Okay, We Need to Talk About the Ending of ‘Maestro’

a man and woman sitting on a couch
We Need to Talk About the Ending of ‘Maestro' Netflix

Run, don’t walk. Bradley Cooper’s Maestro is officially streaming on Netflix. At 2 hours and 11 minutes, the new Oscar-nominated film is the ultimate distraction from all the bad weather that tends to plague February and March. A reason to sit on your couch, if you will. Especially now that the film is up for a whopping seven Oscar nominations (including Best Picture), it's time to give it a serious look before the ceremony on Sunday, March 10.

The film is at our fingertips thanks to the suits at Netflix HQ. Maestro stars Bradley and Carey Mulligan as composer Leonard Bernstein and his wife, Felicia Montealegre. The film explores the meteoric rise of music’s most talented composer, as well as his intimate relationships with men and women throughout his life. We're here to talk about the ending specifically, though.

With Maestro, Bradley takes a big swing, telling a new story in a way that feels nostalgic. The film is peak old Hollywood, despite the fact that it exists in 2024. The cinematography takes the ultimate crown here, but everything from the performances (read: accents) to the writing is top notch. Maestro’s only real fault lay in its standard approach. The swing Bradley took was big in scale, but not terribly inventive. Maestro is a biopic as we know it, but a beautiful one at that.

Okay, but can we talk about the ending?

If you’ve found yourself here, our assumption is that you’ve made it through the 2 hours and change that is Maestro. Either that, or you’re looking for SparkNotes. Come one, come all, to our breakdown of everything that is Maestro, especially that ending.

Maestro opens at the end, with an aging and widowed Leonard Bernstein playing a tune to a camera crew, reflecting on the loss of his wife Felicia. Suddenly, we are thrust backward in time to 1943 when a 25-year-old Leonard is given a career-changing opportunity–to step up as understudy and conduct the New York Philharmonic at Carnegie Hall. At this time, he’s in whatever the 1943 version of a situationship is with a clarinet player named David, played by Matt Bomer. Soon after, he meets actress Felicia Montealegre, played by Carey Mulligan, and the pair fall madly in love and pop out three kids.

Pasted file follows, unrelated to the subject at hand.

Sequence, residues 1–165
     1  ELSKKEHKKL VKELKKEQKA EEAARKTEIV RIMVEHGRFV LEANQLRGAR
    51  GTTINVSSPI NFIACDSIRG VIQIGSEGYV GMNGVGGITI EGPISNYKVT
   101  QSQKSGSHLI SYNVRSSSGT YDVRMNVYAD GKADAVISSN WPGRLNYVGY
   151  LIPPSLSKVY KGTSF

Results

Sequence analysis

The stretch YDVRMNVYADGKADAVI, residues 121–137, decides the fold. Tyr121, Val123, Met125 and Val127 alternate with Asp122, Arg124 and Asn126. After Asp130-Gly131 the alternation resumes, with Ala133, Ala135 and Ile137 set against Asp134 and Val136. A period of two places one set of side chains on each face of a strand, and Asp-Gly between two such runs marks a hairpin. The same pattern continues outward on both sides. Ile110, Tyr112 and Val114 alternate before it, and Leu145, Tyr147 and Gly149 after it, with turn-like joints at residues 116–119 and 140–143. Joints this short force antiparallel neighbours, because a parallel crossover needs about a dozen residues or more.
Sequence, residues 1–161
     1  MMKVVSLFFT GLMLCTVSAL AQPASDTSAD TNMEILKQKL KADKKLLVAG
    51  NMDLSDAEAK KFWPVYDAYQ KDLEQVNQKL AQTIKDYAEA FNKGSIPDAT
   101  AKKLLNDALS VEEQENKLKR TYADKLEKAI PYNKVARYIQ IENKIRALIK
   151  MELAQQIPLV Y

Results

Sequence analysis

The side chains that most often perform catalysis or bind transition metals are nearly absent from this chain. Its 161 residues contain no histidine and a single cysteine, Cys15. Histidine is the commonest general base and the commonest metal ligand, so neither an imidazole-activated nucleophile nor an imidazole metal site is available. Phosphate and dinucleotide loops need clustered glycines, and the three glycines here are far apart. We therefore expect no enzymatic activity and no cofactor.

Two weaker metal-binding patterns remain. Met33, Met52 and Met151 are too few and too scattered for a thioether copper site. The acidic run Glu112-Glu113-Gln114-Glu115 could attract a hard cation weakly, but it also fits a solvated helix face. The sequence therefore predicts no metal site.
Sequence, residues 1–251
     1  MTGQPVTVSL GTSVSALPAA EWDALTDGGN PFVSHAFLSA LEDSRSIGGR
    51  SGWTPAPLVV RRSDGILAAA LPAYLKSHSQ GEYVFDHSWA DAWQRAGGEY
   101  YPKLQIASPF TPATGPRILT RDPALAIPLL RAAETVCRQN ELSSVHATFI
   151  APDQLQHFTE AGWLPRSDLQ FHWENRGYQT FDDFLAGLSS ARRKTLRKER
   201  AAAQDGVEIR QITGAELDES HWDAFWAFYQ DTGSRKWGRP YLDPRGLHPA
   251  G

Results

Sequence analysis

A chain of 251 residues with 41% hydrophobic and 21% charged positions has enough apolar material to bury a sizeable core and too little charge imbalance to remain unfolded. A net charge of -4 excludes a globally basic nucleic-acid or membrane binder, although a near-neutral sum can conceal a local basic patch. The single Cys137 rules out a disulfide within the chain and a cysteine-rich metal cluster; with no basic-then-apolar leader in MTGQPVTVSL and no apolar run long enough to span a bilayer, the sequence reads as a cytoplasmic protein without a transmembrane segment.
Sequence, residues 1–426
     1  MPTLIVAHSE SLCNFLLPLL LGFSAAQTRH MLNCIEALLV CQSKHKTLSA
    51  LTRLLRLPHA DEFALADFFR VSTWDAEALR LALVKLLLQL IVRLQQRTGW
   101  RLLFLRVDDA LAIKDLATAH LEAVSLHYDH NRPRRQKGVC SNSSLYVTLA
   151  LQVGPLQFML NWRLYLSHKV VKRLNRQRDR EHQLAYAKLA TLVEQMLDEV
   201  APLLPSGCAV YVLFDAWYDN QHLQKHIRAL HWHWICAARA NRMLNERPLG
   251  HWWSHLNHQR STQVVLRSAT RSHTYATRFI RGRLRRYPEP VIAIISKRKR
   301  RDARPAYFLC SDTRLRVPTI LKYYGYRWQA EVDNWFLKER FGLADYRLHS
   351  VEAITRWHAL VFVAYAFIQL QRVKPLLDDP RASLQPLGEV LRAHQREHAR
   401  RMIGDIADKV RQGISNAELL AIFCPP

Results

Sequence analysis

Fast forward a few years, Leonard and Felicia have made it big. They are wealthy, they are respected, they are popular, and they are now being filmed in color. The pair begin experiencing some friction, sparring over Leonard’s “homosexual tendencies,” as well as his reliance on drugs and alcohol. These are the dark years for the lovers, marked by one explosive Thanksgiving scene that rivals the tensions of The Bear’s “Fishes” episode. Still, the pair remain married and ultimately reconcile following Leonard’s historic 1973 conducting of Mahler’s Resurrection Symphony in England.

Fast forward again (a familiar biopic trope), and Felicia is diagnosed with lung cancer and ultimately dies in 1978, in the arms of her husband. Leonard is devastated by the loss, and the next time we see him is nine years later as he teaches conducting, parties hard, and engages in affairs with his male students.

We see him again, once more at that opening piano in front of the familiar camera crew, soaking in the despair of the tragic love story we just watched unfold. He expresses how much he misses her, and is flooded with the memory of her in their youth, their early days of romance.

That’s the end of Maestro. Of course, the thread that sews all of these plot points together in marvelous fashion is the music. Leonard’s greatest love was music, only rivaled by his love for Felicia. His life was the music, interrupted in moments by Felicia–a welcome, and necessary, interruption at that.

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